I also greatly enjoyed the minority costume gallery. Witness:
According to this site, that protruding bit is supposed to connote soldierly bearing.
Finally, there’s this.
I think of the figure as a guardian to the world of dreams; the world of the sort induced by sleeping on the world’s hardest pillow.
January 11, 2013 § Leave a comment
(With favorites in bold.)
l’aléa = hazard, vagary
le biais = the means, way; bias, angle
brader = to sell cheaply; to slash prices
chatouilleux = ticklish, touchy
le classeur = binder, file; filing cabinet
la critère = criterion, standard
l’ébauche = sketch, draft
endiguer = to dyke up; to control, restrain
endosser = to assume; to endorse
enfoirer = to cover with excrement [archaic]
la hypothèque = mortgage
le merdier = mess, shitshow
au pif = roughly
préoccupé = preoccupied; concerned
renflouer = to raise, refloat; to bail out
saccager = to wreck, devastate, vandalize, pillage, sack
la sébile = begging bowl
virer = to veer, turn, tack; to fire
Meilleur. Film. De. Tous. Les. Temps.
(This also marks blog backlog entry number one…more stuff from China to follow, hopefully. Only five months late.)
December 2, 2012 § Leave a comment
I’m somehow nearing the end of Infinite Jest (~90%), which I kind of wish would go on forever, and recently started on the newly published essay collection Both Flesh and Not, which I’m also enjoying so far. However, I am not at all sure I want to read the D.T. Max biography. Based on everything I’ve read, it would pretty much demolish the ongoing delusion that I’m interfacing with a person who just has to be a genuinely great human being, who (in spite of my knowledge of other even more paradoxical biographical bits) seemed to be a model of how to live morally and sanely and even heroically. Maybe this would still be true, but I imagine it would take a lot of heroic reconciling on my part, too.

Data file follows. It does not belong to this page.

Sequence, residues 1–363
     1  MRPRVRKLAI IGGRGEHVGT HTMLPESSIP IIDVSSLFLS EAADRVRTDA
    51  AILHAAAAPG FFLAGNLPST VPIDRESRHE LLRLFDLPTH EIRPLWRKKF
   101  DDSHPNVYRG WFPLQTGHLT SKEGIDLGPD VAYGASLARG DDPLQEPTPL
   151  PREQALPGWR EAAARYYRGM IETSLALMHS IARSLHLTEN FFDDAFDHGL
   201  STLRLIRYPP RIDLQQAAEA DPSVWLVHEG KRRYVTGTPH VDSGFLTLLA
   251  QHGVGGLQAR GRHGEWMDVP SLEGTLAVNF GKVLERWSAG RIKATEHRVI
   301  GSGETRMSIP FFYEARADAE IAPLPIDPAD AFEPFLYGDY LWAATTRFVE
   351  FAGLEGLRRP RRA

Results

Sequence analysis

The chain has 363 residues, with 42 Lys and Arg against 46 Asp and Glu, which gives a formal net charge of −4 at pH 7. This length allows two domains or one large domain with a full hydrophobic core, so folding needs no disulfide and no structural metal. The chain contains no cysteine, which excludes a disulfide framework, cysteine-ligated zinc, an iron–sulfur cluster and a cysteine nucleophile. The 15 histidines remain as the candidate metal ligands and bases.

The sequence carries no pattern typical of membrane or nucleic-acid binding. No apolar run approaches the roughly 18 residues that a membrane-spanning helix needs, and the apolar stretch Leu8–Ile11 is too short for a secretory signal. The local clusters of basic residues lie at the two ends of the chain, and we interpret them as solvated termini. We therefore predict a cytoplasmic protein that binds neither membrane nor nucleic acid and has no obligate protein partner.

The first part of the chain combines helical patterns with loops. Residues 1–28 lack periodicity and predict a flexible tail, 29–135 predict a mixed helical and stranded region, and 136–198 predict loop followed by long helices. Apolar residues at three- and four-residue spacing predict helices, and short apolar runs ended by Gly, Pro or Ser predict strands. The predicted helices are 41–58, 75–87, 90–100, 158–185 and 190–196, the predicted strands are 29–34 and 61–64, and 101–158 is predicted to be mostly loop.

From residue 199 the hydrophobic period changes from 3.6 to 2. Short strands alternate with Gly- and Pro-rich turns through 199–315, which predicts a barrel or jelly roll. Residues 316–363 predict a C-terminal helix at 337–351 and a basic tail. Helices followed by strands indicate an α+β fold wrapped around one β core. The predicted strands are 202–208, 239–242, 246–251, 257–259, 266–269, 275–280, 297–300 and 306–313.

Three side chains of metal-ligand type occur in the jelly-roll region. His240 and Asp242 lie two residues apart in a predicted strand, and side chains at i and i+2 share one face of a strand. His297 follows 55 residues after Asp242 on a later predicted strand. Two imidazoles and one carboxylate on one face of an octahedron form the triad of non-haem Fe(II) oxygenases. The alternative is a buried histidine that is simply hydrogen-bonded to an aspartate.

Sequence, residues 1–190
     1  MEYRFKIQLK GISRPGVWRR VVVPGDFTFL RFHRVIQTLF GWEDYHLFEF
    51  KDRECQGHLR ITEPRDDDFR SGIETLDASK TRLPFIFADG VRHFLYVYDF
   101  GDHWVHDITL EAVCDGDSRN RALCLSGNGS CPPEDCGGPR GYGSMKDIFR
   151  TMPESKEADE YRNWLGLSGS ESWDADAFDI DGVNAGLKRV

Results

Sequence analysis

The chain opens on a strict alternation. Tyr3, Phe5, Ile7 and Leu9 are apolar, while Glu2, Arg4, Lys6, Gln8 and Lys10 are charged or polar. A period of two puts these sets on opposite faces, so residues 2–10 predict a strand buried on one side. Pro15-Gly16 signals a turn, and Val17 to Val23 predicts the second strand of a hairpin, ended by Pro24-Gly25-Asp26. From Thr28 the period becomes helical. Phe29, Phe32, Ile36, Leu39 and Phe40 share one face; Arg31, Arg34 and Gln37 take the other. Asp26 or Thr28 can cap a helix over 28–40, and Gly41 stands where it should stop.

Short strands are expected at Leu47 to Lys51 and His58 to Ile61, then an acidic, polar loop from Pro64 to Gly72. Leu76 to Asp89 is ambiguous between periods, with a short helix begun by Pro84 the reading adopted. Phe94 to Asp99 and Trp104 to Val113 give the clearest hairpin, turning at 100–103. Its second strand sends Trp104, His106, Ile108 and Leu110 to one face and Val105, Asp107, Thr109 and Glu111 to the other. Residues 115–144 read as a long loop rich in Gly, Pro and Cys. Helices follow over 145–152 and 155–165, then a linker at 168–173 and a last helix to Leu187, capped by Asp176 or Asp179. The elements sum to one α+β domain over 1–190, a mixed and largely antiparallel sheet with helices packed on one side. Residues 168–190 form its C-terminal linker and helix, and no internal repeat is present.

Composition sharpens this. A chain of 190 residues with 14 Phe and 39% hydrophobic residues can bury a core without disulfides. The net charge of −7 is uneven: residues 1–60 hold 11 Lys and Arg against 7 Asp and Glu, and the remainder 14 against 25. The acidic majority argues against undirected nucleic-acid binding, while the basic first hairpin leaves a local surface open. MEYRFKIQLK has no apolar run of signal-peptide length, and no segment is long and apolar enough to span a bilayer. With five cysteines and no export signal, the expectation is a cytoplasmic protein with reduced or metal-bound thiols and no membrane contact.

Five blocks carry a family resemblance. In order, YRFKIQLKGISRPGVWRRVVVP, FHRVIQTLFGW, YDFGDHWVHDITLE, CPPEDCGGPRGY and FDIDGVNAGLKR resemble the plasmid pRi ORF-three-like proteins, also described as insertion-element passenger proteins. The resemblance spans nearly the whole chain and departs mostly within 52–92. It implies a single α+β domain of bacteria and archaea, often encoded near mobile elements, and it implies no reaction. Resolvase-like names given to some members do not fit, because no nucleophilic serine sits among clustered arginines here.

What does it mean that I want this to be true (maybe, i.e., that his authorial persona corresponded exactly with his lived life)? Does it in fact matter? If it does, though, do I have some kind of obligation to read the biography? If I were to, and internalized all the new facts I learned, would it diminish the most affecting parts of his work for me? Or, at least, would this knowledge somehow lead to a more nuanced or richer interpretation of his work? I somehow doubt he wrote his stuff with the idea in mind that one day (soon) his life would be available for use as interpretative fodder. But how could knowing more about his life not complicate your view of his work?
I guess author-reader relationships can be dense and tricky.
September 26, 2012 § 1 Comment
But every day I read a few pages of Infinite Jest is a day I learn something hard to keep to myself, like the use of “clusterfucking” as a modifier.
Hate and loathe this with a clusterfucking passion, Clayt!
The commitment being that I’m going to read 2-3% of it each day (percentages having replaced pages as the actually relevant metric, since it’s on my Kindle; maybe this is horrifying on some level).
Other things somewhat relevant to this blog which I’m going to try to do:
-watch at least one movie a week (in relation to the “movies” tag)
-actually download and actually listen to music (“music” tag)
-crochet interesting objects (not really a thing in need of committing to, is the truth) (“artsy”?)
-go on longer bike rides a few more times before it gets miserable out (…”travel”?)
Incidentally, the rest of my summer travels went well, barring an inability to access WordPress in China. I was totally going to finish blogging up everything when I got back to the U.S., and, well. Can’t say it happened. Loyal readers: stay tuned for something or other.